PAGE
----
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Francis Shedd
11 July 2006, 03:14 PM
I have a person for whom the name is spelled two ways. I believe that one is correct but I do not wish to lose the other possibility. What is the best way to keep track of this alternate spelling? Thanks.

Fran

David G. Kanter
11 July 2006, 03:53 PM
I have a person for whom the name is spelled two ways. I believe that one is correct but I do not wish to lose the other possibility. What is the best way to keep track of this alternate spelling?My approach, when a Source cites a spelling that is known to be "wrong", is to make an entry in my Research Notes field for that person--such as "Also cited as xxxxxxxx"--and assign a cite to that Source. That way, the record of the other spelling is preserved in the Family File, but it isn't perpetuated in the regular data fields. I do not use the Alias/AKA field for such "wrong" spellings as I believe most readers would take an entry in that field to indicate a deliberate use by the person of whatever is entered there. As an aside, I've chosen to put Nicknames into the First & Mid Name field, enclosed in quotation marks, rather than in the Alias/AKA field. While that has the downside of making the name entry longer (sometimes a problem in charts where the box gets rather long because I don't wrap names), the upside, for me, is that the Nickname--often the only name by which many family members knew the person--is part of the primary name entry.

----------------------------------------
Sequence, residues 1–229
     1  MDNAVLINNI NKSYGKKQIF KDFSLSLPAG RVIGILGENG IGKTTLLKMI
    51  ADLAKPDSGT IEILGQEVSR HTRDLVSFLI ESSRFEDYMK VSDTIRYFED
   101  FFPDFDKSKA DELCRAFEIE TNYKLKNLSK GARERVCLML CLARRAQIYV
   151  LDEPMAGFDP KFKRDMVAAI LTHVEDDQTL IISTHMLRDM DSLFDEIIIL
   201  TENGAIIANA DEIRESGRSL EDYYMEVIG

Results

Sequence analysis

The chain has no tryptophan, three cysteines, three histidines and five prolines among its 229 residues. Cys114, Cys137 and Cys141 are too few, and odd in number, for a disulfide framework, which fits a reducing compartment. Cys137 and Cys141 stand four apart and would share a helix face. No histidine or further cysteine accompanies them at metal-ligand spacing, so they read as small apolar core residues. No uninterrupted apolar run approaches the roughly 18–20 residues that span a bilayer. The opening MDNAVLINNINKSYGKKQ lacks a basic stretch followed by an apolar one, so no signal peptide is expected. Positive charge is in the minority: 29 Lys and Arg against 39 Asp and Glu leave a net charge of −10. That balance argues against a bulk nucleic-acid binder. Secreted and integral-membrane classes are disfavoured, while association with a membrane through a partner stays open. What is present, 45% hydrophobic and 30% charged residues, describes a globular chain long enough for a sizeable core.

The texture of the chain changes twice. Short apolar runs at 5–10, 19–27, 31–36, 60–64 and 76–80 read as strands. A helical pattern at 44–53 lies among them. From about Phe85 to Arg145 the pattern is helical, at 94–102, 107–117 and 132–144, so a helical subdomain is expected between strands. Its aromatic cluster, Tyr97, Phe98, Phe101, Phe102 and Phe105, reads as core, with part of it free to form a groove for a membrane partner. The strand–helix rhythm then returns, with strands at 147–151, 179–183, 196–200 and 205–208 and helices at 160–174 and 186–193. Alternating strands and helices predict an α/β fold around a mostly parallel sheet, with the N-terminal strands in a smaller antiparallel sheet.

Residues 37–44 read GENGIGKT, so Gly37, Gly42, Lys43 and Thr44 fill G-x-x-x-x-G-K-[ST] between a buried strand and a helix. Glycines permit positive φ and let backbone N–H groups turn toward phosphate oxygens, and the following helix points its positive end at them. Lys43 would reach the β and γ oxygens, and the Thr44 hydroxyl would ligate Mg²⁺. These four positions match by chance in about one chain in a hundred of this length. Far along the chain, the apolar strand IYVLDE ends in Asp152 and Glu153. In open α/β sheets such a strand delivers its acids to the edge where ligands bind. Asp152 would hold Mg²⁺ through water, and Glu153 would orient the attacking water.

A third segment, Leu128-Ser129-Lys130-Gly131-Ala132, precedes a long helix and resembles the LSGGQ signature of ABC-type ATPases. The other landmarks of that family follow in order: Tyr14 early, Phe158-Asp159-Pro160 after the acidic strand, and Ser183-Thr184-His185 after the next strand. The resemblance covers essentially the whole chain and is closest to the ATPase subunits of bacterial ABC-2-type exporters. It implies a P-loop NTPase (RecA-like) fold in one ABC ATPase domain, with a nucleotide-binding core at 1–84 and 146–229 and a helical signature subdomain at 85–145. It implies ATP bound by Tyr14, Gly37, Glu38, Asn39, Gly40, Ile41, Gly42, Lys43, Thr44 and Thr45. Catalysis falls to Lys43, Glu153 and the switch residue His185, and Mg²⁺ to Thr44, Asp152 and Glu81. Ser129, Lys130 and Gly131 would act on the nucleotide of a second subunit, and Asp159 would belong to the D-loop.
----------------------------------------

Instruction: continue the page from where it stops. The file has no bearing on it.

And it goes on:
When I have alternate spellings (or even unrelated alternatives) where it's yet to be resolved which is "right", I record all in the regular data field to which that would be applicable, but separate each from the other(s) by the pipe symbol (i.e., "|"). (I avoid using the regular slash [virgule] symbol [i.e., "/"] as that's the name delimiter in a GEDCOM.) For example, if I had an unresolved question as to whether the spelling were SMITH, SMYTH, or SMYTHE, I'd make an entry of SMITH|SMYTH|SMYTHE. (If any one had a slightly greater likelihood of being correct, I'd put that one first in the series so it would be used by Reunion in sorted presentations such as the Index.) As more information becomes known, I'd move the then-discredited version into the Research Notes--with, if possible, an explanation why it was discredited--so there's an audit trail for anyone who might subsequently use the information in the Family File and had also come across the Source which had the "wrong" spelling. (Of course, when dealing with transliterations, you may decide that there's more than one "right" spelling and deliberately leave both in the regular data field--still separated by the pipe symbol.)